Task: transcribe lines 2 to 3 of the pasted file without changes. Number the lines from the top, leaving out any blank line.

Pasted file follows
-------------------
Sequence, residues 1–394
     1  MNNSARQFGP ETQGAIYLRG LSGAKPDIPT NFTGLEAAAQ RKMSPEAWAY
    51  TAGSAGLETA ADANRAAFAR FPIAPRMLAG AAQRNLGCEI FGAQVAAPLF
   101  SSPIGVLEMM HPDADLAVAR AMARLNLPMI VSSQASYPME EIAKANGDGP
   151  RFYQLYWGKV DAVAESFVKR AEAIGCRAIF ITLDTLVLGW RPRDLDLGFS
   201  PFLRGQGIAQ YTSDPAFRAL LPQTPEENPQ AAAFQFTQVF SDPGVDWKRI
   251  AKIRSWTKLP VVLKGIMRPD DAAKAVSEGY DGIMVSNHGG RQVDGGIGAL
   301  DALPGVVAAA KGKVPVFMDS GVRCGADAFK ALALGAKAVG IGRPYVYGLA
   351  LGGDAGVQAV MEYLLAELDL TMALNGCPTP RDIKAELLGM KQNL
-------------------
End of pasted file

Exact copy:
     1  MNNSARQFGP ETQGAIYLRG LSGAKPDIPT NFTGLEAAAQ RKMSPEAWAY
    51  TAGSAGLETA ADANRAAFAR FPIAPRMLAG AAQRNLGCEI FGAQVAAPLF